Explain stdin, stdout, stderr in C language

When we write C programs, we often come across printf (), fprintf (), perror (), what exactly do these things do?I have to say stdin, stdout, stderr. Think about what we do when we write a File in C: File * FP =fopen(), which is what we request from the system, which is the equivalent of a channel to the File.
Actually, stdin,stdout,stderr is this FP, but it is turned on by default when the computer system is turned on, where 0 is stdin, which means input stream, which means input from the keyboard, 1 is STdout,2 is Stderr, and 1,2 is the monitor by default. While printf () prints out to stdout, which is equivalent to Fprintf (stdout, “***”), perror() prints out to Stderr, which is equivalent to Fprintf (stderr, “***”), what’s the difference between stdout and Stderr?
The reason we use printf () when we write a program is that we can monitor the health of our program, or debug, if our program is running all the time without stopping, we can’t keep staring at the screen to see the output of the program, then we can use file redirection. Will output to a file that we can look at later. For example, test.c
(CPP) view plain copy
1. & lt; The pre class = “CPP” name = “code” & gt; #include< stdio.h>   
3. Int main ()
4. {
5. The printf (” stdout Helo World!!!!! \n”);    
7. Return 0;   
After compiling, we./test > Test.txt (redirects the contents of stdout to a file by default) outputs the contents of the test program to a file called test.txt. There is a more explicit way of writing it. Test.txt, where the 1 stands for stdout. Speaking of which, you should know what Stderr should do. Test.c: That’s right.
(CPP) view plain copy
1. # include< stdio.h>   
3. Int main ()
4. {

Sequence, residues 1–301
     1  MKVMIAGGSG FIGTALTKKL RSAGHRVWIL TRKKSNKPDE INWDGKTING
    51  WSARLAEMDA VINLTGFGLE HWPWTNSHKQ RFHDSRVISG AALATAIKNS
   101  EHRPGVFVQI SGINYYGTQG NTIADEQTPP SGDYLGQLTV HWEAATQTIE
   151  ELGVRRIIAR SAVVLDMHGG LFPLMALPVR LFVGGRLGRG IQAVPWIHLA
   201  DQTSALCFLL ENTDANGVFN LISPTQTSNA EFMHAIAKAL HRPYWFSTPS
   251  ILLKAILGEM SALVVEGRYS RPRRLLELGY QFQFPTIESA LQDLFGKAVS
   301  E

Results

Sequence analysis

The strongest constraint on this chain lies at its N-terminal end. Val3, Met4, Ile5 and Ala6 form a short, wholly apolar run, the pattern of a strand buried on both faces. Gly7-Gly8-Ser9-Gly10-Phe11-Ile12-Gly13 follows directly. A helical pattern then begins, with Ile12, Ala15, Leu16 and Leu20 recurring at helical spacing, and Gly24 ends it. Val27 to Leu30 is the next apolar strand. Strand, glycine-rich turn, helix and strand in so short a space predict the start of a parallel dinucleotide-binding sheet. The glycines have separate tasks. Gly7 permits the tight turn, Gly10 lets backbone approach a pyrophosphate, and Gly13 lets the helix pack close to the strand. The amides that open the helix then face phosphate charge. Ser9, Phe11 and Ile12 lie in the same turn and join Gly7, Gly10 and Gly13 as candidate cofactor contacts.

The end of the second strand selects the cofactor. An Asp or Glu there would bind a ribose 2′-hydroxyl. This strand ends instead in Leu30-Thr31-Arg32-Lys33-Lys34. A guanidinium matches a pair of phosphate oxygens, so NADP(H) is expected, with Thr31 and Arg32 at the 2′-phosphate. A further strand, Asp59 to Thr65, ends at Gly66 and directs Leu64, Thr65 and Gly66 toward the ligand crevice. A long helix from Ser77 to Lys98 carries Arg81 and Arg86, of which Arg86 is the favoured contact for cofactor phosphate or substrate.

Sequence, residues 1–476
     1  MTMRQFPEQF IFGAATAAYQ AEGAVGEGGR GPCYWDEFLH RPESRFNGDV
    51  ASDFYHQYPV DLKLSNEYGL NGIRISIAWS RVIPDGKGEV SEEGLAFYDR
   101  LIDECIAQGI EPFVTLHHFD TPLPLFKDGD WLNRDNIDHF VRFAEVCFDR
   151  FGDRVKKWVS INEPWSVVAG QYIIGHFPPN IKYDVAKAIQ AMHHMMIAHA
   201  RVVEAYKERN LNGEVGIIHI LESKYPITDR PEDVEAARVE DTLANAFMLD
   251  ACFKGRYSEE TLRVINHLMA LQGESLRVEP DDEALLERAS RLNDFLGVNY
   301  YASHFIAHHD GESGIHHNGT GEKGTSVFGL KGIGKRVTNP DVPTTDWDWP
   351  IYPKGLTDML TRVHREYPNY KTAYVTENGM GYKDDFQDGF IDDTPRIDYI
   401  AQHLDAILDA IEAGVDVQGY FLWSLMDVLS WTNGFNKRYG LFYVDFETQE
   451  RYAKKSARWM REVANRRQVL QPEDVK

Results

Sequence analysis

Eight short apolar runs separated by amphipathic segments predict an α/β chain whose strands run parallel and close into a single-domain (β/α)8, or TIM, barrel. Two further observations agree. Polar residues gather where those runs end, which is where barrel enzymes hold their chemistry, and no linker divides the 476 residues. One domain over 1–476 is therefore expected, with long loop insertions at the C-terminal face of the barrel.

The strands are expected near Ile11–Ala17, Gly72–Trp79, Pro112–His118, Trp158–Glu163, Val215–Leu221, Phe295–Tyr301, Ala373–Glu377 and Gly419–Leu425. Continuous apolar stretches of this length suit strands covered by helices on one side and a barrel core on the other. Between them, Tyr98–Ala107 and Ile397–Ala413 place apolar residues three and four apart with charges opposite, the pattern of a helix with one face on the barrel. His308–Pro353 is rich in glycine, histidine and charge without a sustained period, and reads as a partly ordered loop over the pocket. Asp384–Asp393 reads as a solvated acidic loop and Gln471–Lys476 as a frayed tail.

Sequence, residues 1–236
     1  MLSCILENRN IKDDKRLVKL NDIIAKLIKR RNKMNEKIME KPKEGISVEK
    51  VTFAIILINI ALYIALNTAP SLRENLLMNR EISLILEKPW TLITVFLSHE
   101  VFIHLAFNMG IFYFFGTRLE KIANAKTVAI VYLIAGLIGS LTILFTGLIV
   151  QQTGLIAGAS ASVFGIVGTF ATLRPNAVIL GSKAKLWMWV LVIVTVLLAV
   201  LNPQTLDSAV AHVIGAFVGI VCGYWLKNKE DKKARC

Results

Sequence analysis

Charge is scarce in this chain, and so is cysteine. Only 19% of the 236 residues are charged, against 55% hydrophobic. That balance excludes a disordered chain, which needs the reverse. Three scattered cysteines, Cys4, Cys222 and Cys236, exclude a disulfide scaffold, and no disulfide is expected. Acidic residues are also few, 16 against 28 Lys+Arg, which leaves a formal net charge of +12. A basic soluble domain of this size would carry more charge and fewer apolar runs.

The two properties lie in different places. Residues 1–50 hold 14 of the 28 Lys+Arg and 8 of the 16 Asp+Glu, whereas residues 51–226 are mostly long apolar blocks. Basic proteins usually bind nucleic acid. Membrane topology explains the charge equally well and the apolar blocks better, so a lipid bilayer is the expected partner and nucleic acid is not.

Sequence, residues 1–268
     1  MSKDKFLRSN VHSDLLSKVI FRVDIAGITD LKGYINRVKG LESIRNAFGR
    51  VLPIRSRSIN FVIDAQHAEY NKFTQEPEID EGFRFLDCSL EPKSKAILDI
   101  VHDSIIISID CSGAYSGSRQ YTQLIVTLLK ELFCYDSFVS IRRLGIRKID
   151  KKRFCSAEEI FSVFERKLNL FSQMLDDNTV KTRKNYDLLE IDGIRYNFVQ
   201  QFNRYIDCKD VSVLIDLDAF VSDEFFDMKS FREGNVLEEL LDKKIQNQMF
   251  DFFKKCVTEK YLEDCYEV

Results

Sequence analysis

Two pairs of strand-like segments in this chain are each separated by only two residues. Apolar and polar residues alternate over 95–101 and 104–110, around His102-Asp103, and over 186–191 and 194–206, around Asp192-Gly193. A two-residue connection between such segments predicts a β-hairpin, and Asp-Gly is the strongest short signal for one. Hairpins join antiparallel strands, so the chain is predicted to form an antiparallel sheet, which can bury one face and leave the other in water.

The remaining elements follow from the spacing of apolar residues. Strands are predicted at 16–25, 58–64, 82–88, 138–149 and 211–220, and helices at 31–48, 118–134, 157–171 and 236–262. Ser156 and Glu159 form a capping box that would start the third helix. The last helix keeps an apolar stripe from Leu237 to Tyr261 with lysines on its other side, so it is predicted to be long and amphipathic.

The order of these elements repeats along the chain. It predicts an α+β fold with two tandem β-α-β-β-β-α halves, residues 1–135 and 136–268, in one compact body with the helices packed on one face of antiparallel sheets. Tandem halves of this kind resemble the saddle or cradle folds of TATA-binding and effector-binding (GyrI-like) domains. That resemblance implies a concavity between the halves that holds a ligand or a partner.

5. The printf (” Stdout Helo World!!!!! \n”);   
6. Fprintf (stdout, stdout “Hello World!! \n”);   
7. Perror (Stderr “Hello World!!!!! \n”);   
8. Fprintf (stderr, “stderr Hello World!! \n”);   
10. Return 0;   
After compilation,./test, four outputs on the screen, if./test > Test.ext, the result is two Stderr Hello World output from the screen!! , Stdout Helo World!!!!! In the file test.txt, based on the above, it is easy to understand the current result, so we can do whatever we want with the output, such as:
./test 1> testout.txt 2> Testerr.txt, we’ll output stdout to testout.txt, stderr to testerr.txt;
./test 1> Testout.txt, output stdout to file testout.txt, output stderr to screen;
./test 2> Testerr.txt, output stderr to file testerr.txt, output stdout to the screen;
./test > test.txt 2> & 1, this is to redirect stdout and Stderr to the same file, test.txt.
If we don’t want to see the output, either on the screen or redirected to a file, don’t worry, Linux has a solution for everything,./test >/dev/zero 2 & gt; & 1, so you don’t see any output.
Note: An important difference between Stderr and Stdout is that Stderr is non-buffered and outputs immediately, whereas Stdout defaults to row buffering, which means it outputs when it hits’ \n ‘. If you want stdout to output in real time as well, add Fflush (stdout) to the end of the output statement to do so in real time.

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